Critical Analysis #1
Annie Dillard’s essay, “The Chase”, uses many rhetorical elements in the thesis to reach her audience; some of these include parataxis, climax, and hyperbole. In the essay Dillard states that “The point was that he had chased us passionately without giving up, and so he had caught us.” This helps clarify the thesis as, childhood is a playful time and adults should maintain a playful spirit.
“The Chase” is about the author and her neighborhood friends throwing snow balls at cars one winter day. The day was going well and without trouble, no adults were bothering their fun, until someone hit a black Buick that was driving down the street. The man in the car then stopped the car and got out and started to chase the children. The man chased them through hedges, down streets, every backyard and block after block. At this point it was only Dillard and her friend Mikey running from the man because the other children when their separate ways. Eventually the man caught them because the children grew tired. The man only said “You stupid kids.” Dillard describes this statement as “redundant, a mere formality.” Dillard believes the point of the chase was that the man chased them passionately, without giving up, and all he did was say those three words she will never forget.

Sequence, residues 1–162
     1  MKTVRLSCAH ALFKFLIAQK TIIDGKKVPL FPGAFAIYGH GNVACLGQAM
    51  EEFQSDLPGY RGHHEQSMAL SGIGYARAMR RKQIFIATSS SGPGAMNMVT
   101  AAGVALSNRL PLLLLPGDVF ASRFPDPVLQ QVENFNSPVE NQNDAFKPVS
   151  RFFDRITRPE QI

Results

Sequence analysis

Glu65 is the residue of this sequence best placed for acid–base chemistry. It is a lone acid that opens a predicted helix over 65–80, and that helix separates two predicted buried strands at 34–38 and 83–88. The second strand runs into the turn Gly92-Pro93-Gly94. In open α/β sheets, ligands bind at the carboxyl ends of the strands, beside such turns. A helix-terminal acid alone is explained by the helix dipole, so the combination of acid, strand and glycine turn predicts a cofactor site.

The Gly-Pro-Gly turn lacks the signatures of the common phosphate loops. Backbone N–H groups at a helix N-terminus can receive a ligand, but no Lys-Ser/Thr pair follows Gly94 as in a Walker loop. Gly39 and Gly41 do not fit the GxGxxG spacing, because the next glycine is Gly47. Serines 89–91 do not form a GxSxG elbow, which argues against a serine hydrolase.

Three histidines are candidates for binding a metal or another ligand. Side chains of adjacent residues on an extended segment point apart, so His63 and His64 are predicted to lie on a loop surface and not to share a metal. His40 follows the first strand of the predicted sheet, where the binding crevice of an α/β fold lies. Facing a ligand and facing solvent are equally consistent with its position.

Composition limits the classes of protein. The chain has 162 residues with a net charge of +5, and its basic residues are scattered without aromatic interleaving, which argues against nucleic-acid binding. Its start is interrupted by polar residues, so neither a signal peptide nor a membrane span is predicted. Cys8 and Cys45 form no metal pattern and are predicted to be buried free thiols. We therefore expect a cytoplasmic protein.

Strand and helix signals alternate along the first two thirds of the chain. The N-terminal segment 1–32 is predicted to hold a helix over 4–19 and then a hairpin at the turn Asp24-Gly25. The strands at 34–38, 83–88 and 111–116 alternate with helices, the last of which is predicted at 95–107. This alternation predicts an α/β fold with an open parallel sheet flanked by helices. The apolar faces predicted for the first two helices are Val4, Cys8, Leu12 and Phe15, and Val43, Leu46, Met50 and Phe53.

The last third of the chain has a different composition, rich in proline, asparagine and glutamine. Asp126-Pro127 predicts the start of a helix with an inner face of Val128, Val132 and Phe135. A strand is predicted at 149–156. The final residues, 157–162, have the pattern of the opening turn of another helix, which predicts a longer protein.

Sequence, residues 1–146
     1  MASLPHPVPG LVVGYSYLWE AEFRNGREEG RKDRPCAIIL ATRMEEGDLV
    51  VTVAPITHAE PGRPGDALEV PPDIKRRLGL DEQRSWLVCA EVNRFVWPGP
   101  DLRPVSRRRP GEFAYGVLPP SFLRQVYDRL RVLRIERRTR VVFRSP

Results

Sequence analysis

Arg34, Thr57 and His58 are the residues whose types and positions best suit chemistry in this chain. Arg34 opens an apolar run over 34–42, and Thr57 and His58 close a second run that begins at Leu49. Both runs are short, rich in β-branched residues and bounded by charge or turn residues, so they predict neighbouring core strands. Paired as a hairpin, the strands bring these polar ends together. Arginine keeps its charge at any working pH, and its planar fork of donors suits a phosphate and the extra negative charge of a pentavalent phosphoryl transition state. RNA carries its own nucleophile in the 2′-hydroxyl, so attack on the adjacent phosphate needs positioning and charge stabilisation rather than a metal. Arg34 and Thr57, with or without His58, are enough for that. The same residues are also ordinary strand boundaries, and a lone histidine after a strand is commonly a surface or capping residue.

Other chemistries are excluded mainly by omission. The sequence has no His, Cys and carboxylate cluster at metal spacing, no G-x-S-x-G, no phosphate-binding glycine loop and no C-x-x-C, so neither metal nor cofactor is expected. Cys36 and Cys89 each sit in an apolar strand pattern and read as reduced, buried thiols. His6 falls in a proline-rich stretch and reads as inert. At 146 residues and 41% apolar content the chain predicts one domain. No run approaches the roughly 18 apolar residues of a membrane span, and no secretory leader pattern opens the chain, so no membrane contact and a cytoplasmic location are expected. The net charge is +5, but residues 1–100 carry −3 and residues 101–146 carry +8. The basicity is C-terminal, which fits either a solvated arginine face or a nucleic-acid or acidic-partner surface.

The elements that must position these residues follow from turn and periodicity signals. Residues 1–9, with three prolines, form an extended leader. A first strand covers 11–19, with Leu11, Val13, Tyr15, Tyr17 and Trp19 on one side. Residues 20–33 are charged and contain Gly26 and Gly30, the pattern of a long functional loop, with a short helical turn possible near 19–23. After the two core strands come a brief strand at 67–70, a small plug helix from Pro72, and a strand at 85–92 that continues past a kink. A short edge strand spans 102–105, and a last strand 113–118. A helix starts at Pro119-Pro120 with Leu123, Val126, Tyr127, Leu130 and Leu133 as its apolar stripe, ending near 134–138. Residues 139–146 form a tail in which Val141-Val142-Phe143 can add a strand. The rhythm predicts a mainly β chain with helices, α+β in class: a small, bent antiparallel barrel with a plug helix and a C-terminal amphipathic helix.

Dillard uses many rhetorical elements to help prove the thesis, one of these is climax. She uses this element to keep a suspenseful mood for the reader wanting and waiting to see what happens next. An example of this in the story is when the black Buick was coming down the street and when the car makes it to them they unleash snowballs at the car. The example of climax in this part of the story is when the driver starts to open the door; this is a climax because the reader is waiting to see what happens and starts asking questions in their head like what is the driver going to do?, is he going to hurt the kids or is he just going to yell at...
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